Humanize the conversation – your customers will love you

Photo of Holger Reisinger
April 11, 2017
Reading time
3 minutes

Focusing on customer satisfaction is a no-brainer for every organization. But if you truly want to build long-lasting relationships with our customers, we need to humanize our interactions.

Our organizations are obsessed with customer satisfaction. Maybe too obsessed.

It’s pretty clear why, judging from the research. Customers who receive the best experiences spend 140% more than those with who receive the poorest ones. And far from being cost-prohibitive, providing superior customer experience actually reduces the cost of serving customers by as much as 33%.

With a compelling business case for keeping our customers happy, we’ve built monuments to the customer experience. We’ve snapped up big CRM systems that provide a 360-degree customer view and scrutinize their activity across brick-and-mortar stores, e-commerce sites, call centers and social media. We gather reams of data from surveys, tracking systems, loyalty programs and third-party providers. And we’ve adopted automated, integrated communications solutions that send frequent communications at predefined touchpoints.

Despite this intense focus on the customer experience, I wonder if there may be an even more powerful way to build strong customer connections.

I ran across a great article that makes the case that our companies can maximize customer value by going beyond customer satisfaction to building an emotional connection with customers. You can read the article yourself, but it advocates establishing increasingly profitable relationships by appealing to any of dozens of “emotional motivators,” such as a desire to feel a sense of belonging, to succeed in life, to feel secure and so forth.

Getting to “This Company Gets Me!”

I’d like to add an even more fundamental way we can build an emotional connection with our customers: By being more human.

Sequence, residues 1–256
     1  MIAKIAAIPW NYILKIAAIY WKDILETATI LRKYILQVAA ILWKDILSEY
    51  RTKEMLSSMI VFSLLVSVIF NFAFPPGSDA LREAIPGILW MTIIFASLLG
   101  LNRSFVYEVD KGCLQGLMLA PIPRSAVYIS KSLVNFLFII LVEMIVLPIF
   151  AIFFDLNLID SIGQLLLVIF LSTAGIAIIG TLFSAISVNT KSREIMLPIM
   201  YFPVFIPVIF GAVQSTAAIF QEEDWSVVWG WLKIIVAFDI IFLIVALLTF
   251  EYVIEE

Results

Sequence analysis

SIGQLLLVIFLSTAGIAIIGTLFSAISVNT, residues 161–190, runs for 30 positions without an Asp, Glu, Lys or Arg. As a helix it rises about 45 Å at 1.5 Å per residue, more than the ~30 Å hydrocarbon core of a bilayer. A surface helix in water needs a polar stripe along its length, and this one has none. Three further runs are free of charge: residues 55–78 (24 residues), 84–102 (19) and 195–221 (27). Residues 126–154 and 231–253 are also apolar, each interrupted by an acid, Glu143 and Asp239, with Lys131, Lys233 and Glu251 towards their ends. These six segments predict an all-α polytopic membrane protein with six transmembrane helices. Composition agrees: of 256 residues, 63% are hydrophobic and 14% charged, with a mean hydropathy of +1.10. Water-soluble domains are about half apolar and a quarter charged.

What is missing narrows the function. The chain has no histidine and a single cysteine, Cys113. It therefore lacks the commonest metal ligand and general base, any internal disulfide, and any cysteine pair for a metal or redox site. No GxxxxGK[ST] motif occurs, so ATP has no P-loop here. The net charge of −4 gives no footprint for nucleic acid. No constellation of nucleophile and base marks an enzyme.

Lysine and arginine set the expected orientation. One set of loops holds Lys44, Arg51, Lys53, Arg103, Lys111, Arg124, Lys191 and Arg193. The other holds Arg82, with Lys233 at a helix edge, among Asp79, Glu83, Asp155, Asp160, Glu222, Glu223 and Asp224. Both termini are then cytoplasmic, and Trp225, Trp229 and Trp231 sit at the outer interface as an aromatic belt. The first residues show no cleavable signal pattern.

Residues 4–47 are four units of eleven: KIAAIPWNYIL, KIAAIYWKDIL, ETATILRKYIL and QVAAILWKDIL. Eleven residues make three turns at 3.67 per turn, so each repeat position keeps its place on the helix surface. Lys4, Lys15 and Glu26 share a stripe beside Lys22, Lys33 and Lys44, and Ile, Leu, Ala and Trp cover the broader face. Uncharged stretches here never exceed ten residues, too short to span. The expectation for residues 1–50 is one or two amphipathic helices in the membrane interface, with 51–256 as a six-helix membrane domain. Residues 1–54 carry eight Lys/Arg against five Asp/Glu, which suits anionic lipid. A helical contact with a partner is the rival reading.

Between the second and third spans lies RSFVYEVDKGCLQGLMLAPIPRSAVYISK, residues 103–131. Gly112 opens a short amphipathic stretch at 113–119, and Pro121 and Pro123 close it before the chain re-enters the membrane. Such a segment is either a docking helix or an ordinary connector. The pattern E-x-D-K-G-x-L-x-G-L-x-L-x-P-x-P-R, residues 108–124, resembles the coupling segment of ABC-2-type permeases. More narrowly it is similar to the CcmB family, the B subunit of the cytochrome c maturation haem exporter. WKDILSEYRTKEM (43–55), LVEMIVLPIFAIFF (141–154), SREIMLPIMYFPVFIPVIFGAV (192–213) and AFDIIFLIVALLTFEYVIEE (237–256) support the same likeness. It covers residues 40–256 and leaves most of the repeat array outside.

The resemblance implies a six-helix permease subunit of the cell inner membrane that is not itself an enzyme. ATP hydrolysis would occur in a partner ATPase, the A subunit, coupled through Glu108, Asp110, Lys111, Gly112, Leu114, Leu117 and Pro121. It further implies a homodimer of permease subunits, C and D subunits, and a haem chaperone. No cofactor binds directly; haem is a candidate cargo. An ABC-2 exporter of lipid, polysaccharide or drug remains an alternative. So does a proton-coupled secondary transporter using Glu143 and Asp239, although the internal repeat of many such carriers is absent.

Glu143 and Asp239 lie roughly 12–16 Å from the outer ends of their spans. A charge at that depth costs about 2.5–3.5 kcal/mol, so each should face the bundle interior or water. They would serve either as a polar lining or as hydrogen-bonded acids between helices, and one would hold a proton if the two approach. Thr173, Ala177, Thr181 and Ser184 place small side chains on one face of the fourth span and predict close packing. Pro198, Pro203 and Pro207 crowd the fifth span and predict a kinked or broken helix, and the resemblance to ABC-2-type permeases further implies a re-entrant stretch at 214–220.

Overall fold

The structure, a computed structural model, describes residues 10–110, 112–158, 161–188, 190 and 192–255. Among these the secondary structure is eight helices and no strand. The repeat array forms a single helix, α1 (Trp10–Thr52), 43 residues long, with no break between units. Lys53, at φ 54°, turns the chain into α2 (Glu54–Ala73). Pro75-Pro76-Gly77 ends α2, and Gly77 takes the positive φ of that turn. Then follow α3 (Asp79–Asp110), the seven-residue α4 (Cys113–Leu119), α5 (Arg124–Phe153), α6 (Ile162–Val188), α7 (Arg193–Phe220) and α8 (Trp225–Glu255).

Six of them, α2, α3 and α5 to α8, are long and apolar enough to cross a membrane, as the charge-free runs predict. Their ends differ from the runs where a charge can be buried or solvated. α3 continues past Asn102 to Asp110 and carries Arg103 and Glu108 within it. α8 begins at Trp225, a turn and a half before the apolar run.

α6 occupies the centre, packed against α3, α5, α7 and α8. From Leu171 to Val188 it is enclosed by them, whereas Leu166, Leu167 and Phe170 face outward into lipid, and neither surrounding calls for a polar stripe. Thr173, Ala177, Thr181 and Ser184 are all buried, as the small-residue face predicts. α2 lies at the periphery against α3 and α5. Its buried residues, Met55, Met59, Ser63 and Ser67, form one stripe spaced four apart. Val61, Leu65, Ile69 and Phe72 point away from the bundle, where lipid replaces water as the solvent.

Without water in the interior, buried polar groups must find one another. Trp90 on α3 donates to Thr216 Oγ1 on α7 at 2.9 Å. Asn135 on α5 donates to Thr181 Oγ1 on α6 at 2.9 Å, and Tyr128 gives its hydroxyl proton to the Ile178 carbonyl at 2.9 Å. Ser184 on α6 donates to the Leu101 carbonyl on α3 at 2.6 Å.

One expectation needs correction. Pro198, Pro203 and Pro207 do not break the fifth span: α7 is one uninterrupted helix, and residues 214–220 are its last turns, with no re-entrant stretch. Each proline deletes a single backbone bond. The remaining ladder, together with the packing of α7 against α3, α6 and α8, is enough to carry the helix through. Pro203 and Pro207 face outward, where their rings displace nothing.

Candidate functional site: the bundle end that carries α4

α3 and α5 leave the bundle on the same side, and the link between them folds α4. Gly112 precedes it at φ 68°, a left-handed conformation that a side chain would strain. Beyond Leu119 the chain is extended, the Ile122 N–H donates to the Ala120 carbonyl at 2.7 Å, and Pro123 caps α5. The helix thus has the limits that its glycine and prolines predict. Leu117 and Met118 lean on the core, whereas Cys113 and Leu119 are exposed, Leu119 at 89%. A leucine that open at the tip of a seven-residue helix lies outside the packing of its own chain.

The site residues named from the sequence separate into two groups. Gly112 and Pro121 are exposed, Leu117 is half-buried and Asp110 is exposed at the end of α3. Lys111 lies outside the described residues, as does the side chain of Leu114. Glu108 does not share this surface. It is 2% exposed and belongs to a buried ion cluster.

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By being an entity they can relate to, we can fight the perception – sometimes deserved, but often not – that companies are cold, humorless and impersonal. There are hundreds of ways to do this, and here are just a few:

  • Get personal. How often have you received a thank-you email that is signed, blandly, by the “Customer Service Department”? Encounters like this are missed opportunities to portray our organization as human. We should strive to make all customer interactions sincere, meaningful and memorable. It can be as easy as making sure all correspondence is signed by another human being.
  • Start a discussion. What is more human than having a conversation with a real person? Yet too often we discourage that human touch. While a website, emails and text messages can be powerful communication tools, they’ll never match the personal touch of a phone conversation. Post your phone number for all to see and invite customers to call to purchase from you, provide feedback, ask questions, report product issues, or yes, even compliment you on your product or service.
  • Stand for something. Many companies are perceived as being lifeless and lacking in personality. Maybe we try so diligently not to offend that we instead come off as bland, boring and transactional. Far from fading into the background, we should strive to do the opposite: Stand for something. We should show customers that, as a collection of human beings, we have a personality and opinions and aren’t afraid to share them. By offering our thoughts and perspectives, we establish common ground, build trust and invite customers to stand with us.
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Striving for customer satisfaction is a laudable goal. But for long-lasting, profitable relationships, we should build an emotional connection with customers by putting a human face on our organizations.

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